Have you ever hired a job applicant who everyone loved during the interview process, had high hopes for… only to have them be a flop once hired, or at best be a marginal performer?

If this has ever happened to you, don’t be concerned. It happens more than we like to admit…and more often than we believe it does.

Why, you ask, does this happen? There could be many reasons but the most common one is an employer’s tendency to hire the candidate most qualified to get the job rather than to do the job. The presentation is overvalued in comparison to the candidate’s ability to handle the job successfully.


Check your emotions, and make a game plan

As flawed beings, we are quick to make first impressions. If that impression is favorable, we tend to ask easier questions to help validate the decision we have already formulated in our mind; sometimes even guiding or directing the applicant to give us the answer we want to hear.

Conversely, if our first impression of the applicant is not favorable we go through the same process to dismiss their candidacy.      

So, if you want to hire superior people, first define superior performance.


Here are our 7 Steps to Hiring the “Right” Candidate

1 – Results – don’t just hire based upon skills & qualifications because it’s what you do with what you have that counts.

2 – Compile a “Superior Performance Profile”, outlining the top six to eight performance objectives a person taking the job needs to possess to be considered successful.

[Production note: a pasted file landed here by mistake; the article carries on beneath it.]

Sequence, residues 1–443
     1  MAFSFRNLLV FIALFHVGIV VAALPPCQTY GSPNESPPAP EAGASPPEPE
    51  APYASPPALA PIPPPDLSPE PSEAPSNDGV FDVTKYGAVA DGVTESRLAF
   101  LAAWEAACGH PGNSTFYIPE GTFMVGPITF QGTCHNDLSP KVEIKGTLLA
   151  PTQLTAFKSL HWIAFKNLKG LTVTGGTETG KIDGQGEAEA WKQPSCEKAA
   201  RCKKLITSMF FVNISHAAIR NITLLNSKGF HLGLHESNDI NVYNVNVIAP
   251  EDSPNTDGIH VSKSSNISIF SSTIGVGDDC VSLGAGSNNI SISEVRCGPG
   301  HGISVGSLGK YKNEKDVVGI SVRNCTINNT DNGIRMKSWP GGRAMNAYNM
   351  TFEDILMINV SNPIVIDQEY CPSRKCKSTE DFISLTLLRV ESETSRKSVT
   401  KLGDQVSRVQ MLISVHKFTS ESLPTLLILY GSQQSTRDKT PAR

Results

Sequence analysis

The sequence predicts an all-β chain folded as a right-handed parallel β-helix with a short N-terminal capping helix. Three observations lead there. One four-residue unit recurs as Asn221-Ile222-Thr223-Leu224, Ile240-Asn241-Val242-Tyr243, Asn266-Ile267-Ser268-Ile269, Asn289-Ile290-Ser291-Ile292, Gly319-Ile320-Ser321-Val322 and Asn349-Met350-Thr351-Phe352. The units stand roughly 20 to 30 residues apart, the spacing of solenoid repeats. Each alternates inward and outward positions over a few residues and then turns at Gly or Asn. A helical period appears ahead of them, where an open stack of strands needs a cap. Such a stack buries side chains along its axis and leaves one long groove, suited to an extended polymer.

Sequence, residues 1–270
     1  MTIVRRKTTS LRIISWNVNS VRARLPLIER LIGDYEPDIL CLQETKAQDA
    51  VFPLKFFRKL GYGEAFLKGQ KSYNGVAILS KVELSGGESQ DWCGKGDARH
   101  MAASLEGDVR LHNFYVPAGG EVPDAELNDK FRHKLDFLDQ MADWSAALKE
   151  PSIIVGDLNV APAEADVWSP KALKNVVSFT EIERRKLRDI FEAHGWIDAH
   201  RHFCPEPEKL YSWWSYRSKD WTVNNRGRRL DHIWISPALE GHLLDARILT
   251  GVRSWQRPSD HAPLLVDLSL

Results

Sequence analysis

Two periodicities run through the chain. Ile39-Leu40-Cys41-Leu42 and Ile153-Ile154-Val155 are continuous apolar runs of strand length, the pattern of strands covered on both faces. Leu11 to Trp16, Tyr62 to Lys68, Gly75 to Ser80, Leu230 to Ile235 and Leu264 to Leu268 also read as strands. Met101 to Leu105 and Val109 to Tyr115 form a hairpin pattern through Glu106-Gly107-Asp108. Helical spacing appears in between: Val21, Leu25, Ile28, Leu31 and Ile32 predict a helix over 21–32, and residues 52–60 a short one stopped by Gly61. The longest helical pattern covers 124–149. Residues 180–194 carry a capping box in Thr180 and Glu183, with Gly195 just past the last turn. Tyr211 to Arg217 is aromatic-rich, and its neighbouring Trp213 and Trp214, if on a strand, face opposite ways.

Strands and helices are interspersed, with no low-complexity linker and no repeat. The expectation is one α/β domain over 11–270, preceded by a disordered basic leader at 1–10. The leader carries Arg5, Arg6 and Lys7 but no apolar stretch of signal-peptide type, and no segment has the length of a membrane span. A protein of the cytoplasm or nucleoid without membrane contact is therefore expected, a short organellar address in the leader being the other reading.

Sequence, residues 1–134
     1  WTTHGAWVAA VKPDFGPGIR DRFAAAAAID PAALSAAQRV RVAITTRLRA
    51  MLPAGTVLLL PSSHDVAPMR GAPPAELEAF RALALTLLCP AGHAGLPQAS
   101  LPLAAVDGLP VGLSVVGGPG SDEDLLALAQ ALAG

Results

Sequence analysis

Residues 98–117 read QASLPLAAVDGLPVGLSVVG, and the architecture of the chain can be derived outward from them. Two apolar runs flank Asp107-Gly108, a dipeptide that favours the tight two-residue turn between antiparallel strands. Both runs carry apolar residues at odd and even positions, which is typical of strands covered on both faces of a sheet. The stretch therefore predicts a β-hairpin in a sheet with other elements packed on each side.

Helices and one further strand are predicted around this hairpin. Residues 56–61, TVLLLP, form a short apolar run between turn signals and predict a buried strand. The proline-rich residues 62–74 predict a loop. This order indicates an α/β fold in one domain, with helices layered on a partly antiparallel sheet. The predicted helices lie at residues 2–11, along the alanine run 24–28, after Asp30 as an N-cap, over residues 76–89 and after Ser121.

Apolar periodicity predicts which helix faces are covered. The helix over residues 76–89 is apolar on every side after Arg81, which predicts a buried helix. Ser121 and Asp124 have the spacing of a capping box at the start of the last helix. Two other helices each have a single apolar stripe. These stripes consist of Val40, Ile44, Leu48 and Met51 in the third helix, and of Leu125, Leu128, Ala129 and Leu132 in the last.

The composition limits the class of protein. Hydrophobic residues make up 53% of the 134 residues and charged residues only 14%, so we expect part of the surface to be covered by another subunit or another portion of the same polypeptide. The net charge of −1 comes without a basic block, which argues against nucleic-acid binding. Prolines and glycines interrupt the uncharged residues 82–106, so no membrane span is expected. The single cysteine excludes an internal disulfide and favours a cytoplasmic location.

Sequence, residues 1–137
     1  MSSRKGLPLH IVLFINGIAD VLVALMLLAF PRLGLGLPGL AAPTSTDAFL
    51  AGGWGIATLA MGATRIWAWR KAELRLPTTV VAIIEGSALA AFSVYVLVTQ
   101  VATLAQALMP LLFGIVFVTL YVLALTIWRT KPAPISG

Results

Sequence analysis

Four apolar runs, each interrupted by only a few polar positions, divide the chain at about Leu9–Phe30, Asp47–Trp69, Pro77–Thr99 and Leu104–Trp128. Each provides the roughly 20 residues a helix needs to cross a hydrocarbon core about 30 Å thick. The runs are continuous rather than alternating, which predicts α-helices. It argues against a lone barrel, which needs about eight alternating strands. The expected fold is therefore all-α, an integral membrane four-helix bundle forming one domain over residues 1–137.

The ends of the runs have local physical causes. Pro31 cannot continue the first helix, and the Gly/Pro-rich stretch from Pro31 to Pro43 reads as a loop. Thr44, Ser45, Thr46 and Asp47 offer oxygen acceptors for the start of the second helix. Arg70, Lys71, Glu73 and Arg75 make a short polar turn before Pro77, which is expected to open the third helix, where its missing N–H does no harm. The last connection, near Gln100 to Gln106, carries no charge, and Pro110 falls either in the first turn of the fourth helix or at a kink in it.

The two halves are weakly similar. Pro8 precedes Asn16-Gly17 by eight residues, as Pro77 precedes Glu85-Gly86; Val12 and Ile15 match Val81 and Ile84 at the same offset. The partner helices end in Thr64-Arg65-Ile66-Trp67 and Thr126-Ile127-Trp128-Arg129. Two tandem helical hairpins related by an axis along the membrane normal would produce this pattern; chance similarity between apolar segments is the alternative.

3 – Share this profile with all team members involved in the interview process, asking them to assess the candidate based upon those criteria.

4 – As much as possible, park your emotions in the emotional parking lot and instead, conduct the interview based on the performance profile criteria. At the end of the interview, add your impression of the candidate into your evaluation.

5 – During the interview, wait at least 20-30 minutes before forming a decision on their candidacy.

6 – Afterward, meet as a group to gather input from the rest of the interviewing team, giving each of them partial voting rights.

7 – Make a “NO” decision harder to justify than a “YES.” A “no” is a safe & easy decision, sometimes devoid of anything more than a gut feeling. Instead, ask for detailed information and/or evidence to support their choice. All too often, “no” decisions are based solely on weak or lazy interviewing.


I believe that if you apply this approach and methodology to your interviewing process you will greatly enhance the quality of your hires, resulting in a more productive work environment.

For more helpful information on this topic, you should read “Hire with Your Head,” by Lou Adler.


Did we leave any out? Comment below with any helpful tactics you use when selecting the “right” candidate.


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